A good deal of the shots in the film depicting "Harvard's Campus" were in fact filmed at Johns Hopkins University in Baltimore, including the opening scene in the trailer for the film.
Mark Zuckerberg thought the movie was "interesting" as he said when he met Jesse Eisenberg, who portrayed him in the picture, on Saturday Night Live: Jesse Eisenberg/Nicki Minaj (2011), when Eisenberg was hosting.
At one point in the film, Bill Gates gives a speech to a class of Harvard students, including Zuckerberg. Even though the character both looks and talks like Gates, it's not him; it's actually a "professional Gates impersonator," But his voice was dubbed by a "24-year-old African American kid with dreadlocks," who just happened to sound like Gates.
Armie Hammer studied Jeremy Irons' performance in Dead Ringers (1988) to get an idea of how to play twin brothers.
The real Mark Zuckerberg had never heard of an Appletini before he had seen the film. After he tried one, he liked it so much he made the Appletini Facebook's official drink.
The sequence where Mark Zuckerberg leaves a classroom and meets the Winklevoss twins in the hallway was filmed at the University of Southern California in Los Angeles. The classroom he exits is in a different building (Taper Hall of Humanities) from the hallway in which he meets the twins (Grace Ford Salvatori Hall).
Jesse Eisenberg, who is diagnosed with Attention deficit hyperactivity disorder, said in an interview that one of the hardest things about the role was having to deliberately speak and behave in a manner he had struggled against in his own personality his entire life.
The note "U dick" that Mark is handed by a girl in class is a replacement of a more profane word that the MPAA wouldn't approve for a PG-13 rating.
Reported to be R-rated during production, but end up editing down to PG-13 to make it accessible for a wider audience.
David Fincher's favorite line in the film is, "I'm just checking your math on that. Yes, I got the same thing."
Alfred Molina was considered for the role of Lawrence H. Summers before Douglas Urbanski got the part.
The line about Cameron Winklevoss and Tyler Winklevoss going after Mark Zuckerberg like the Cobra Kai kids going after Ralph Macchio in The Karate Kid (1984) was something they'd said to Ben Mezrich during his research interviews for the book.
The real Lawrence H. Summers called the film's portrayal of his meeting with the Winkelvoss twins "fairly accurate". He went on to say "I've heard it said that I can be arrogant. If that's true, I surely was on that occasion. One of the things you learn as a college president is that if an undergraduate is wearing a tie and jacket on Thursday afternoon at three o'clock, there are two possibilities. One is that they're looking for a job and have an interview; the other is that they are an asshole. This was the latter case. Rarely, have I encountered such swagger, and I tried to respond in kind."
Aaron Sorkin and David Fincher wanted to do the movie based solely on a 14-page book proposal that somehow got leaked to Gawker.com right about the time 21 (2008) came out; the book hadn't even been written yet, and Ben Mezrich wound up writing it in a hotel room with Sorkin right next to him, handing Sorkin the chapters as they were finished.
Amy's line in French ("Tu fais l'amour a la jolie fille") roughly translates in English, "You've made love to a pretty girl."
During the night club scene the extras are miming their dancing and the music was added in post-production. Jesse Eisenberg and Justin Timberlake had to shout their lines as though they were talking over the music. Eisenberg said it was a challenge to not lose their voices.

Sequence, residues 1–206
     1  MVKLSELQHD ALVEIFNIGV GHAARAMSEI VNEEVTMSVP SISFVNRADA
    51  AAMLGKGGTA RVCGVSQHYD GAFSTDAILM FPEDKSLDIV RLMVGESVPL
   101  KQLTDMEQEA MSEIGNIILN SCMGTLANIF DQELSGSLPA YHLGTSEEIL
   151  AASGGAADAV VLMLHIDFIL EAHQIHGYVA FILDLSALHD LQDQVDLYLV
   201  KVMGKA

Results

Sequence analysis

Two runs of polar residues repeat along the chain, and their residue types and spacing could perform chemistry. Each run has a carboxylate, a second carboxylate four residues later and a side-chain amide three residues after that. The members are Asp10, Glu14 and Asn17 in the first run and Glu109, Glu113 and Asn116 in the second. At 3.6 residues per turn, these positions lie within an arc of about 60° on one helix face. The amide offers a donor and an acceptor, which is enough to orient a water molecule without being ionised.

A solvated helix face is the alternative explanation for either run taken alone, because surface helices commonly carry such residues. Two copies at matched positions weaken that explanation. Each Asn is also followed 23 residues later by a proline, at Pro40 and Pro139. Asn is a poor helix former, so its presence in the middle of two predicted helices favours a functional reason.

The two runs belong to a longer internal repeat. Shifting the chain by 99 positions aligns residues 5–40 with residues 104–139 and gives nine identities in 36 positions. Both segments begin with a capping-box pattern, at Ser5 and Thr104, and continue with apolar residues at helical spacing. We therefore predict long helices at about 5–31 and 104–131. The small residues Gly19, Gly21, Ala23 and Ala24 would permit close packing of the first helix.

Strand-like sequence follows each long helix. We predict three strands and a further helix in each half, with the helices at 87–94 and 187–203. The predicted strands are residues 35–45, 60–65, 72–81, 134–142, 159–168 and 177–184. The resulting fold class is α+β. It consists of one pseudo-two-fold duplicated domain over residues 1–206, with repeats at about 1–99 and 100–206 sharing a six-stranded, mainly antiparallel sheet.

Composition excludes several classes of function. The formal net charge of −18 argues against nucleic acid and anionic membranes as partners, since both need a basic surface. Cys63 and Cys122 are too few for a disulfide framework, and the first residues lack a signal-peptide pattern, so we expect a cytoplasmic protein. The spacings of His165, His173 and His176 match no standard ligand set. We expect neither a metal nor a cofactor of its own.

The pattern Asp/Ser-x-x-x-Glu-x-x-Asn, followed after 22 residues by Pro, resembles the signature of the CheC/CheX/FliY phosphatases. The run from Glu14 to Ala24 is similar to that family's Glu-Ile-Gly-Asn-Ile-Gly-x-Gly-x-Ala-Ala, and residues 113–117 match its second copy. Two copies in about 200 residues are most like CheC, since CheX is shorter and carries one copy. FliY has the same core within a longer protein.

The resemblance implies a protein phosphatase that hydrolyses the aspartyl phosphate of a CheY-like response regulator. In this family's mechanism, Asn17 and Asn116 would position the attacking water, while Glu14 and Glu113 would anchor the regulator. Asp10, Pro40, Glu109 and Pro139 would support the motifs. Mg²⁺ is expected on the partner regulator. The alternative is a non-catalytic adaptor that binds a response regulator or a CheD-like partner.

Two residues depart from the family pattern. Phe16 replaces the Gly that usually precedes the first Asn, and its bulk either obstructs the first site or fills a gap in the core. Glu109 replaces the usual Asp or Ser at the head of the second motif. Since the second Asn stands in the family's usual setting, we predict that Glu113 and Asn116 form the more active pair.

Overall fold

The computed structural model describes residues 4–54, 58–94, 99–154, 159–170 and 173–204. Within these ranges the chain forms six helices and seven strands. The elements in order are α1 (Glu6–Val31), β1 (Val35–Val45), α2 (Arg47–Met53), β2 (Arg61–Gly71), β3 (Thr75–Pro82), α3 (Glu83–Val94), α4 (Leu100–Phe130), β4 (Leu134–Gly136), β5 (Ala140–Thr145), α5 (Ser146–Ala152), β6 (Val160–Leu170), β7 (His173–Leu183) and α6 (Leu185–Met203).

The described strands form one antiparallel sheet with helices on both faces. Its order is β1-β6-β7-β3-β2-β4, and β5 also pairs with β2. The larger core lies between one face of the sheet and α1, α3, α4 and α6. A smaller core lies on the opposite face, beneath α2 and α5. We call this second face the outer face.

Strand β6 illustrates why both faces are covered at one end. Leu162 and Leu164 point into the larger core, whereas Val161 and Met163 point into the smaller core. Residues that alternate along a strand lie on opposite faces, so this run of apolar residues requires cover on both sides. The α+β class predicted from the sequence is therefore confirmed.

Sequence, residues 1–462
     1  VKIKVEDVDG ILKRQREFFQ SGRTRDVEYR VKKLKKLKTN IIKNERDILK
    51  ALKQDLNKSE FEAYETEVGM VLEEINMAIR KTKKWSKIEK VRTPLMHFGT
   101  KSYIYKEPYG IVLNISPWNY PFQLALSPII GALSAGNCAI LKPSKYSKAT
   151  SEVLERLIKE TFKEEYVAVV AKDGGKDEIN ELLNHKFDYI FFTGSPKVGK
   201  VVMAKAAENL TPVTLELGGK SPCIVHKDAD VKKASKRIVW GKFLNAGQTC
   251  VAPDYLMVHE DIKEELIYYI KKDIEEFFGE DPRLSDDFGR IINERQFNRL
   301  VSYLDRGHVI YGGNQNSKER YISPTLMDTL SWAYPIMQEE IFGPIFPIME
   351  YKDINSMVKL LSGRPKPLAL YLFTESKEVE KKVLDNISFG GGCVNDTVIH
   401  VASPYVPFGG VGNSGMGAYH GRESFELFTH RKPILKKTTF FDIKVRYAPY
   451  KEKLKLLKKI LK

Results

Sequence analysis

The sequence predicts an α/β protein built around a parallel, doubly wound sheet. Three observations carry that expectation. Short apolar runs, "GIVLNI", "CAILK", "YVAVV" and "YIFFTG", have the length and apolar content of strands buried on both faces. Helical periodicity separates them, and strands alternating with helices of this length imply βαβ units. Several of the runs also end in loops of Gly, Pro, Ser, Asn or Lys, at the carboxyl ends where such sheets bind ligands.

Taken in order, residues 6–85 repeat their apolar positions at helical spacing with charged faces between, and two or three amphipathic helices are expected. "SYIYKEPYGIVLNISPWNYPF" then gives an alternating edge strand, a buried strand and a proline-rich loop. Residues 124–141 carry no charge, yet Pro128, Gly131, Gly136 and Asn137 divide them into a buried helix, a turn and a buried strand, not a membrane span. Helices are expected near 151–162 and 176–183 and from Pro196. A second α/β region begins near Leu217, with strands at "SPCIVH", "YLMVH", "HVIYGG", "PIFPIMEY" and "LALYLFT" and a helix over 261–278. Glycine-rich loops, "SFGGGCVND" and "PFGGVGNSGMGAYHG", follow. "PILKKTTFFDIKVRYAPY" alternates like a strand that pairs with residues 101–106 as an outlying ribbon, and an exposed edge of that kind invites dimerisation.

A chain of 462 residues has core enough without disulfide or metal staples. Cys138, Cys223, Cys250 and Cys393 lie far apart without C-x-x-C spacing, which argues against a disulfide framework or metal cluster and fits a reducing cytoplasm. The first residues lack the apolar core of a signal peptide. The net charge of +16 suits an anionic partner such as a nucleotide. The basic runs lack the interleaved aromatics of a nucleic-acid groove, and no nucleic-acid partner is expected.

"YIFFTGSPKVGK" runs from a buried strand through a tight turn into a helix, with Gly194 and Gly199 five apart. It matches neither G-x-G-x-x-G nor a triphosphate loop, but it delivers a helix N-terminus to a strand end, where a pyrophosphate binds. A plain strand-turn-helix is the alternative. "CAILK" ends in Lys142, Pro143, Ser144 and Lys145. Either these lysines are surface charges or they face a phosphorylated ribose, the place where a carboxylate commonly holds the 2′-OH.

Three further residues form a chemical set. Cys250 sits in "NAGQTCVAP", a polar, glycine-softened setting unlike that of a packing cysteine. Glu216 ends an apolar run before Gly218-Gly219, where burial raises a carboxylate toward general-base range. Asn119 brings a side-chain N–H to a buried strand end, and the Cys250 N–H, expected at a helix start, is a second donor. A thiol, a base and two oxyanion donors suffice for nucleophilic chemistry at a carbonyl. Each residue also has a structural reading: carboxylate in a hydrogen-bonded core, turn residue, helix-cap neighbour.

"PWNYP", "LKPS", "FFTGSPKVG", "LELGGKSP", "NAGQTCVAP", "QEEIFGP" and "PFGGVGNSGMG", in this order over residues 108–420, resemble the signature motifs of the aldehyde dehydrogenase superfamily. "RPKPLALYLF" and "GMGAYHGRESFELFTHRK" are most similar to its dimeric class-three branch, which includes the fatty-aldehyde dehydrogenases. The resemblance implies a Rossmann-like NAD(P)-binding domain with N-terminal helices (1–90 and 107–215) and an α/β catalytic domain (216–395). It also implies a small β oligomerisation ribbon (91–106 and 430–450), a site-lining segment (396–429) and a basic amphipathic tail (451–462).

There is actually a Facebook page for "Erica Albright," a character in the film. The profile pictures are of the actress Rooney Mara who plays Albright. It is also listed that she attended Boston University.
The notepad that Mark Zuckerberg carries in the deposition scenes was Jesse Eisenberg's own idea, as part of his way of assessing his own performances after each take.
Despite the fact that director David Fincher has been a big proponent of digital filmmaking since his 2007 film Zodiac (2007), this is his first film to have been completely shot digitally (both Zodiac and The Curious Case of Benjamin Button (2008) had certain shots/segments shot on film).
When Facebook hits one million members, the number 1,000,046 appears on the screen after Sean Parker requests a refresh. The producers purposely chose the number to correspond with the running time of the movie at 1:46:46.
After Mark Zuckerberg finishes the coding marathon in his dorm room, he then closes his eyes and slowly moves his head back and forth, and Eduardo asks him, "Mark, are you praying?" On the DVD commentary, Aaron Sorkin explained that what Mark was doing was davening, a word that comes from Yiddish and which generally refers to prayer in Judaism, but which also specifically refers to the type of head and body movements that Jews traditionally make while praying. Sorkin mentioned on the commentary that he considered writing Eduardo's line as "Mark, are you davening?" instead of "Mark, are you praying?" to make it clearer to the audience what Mark was doing.
Shia Labeouf turned down Jesse Eisenberg's role.
At the time of release, there were about 750 million active users on Facebook. If everyone who had a Facebook account at the time went to go see the movie during its theatrical release, it would have grossed somewhere around US $6 billion.
Natalie Portman revealed during "Newsweek's 2011 Oscar Roundtable" that she gave a dinner party for writer Aaron Sorkin, while he was writing the script for this movie, to which she invited a bunch of her friends from Harvard. She wanted to give him the chance to listen to first-hand stories about the social life at Harvard University.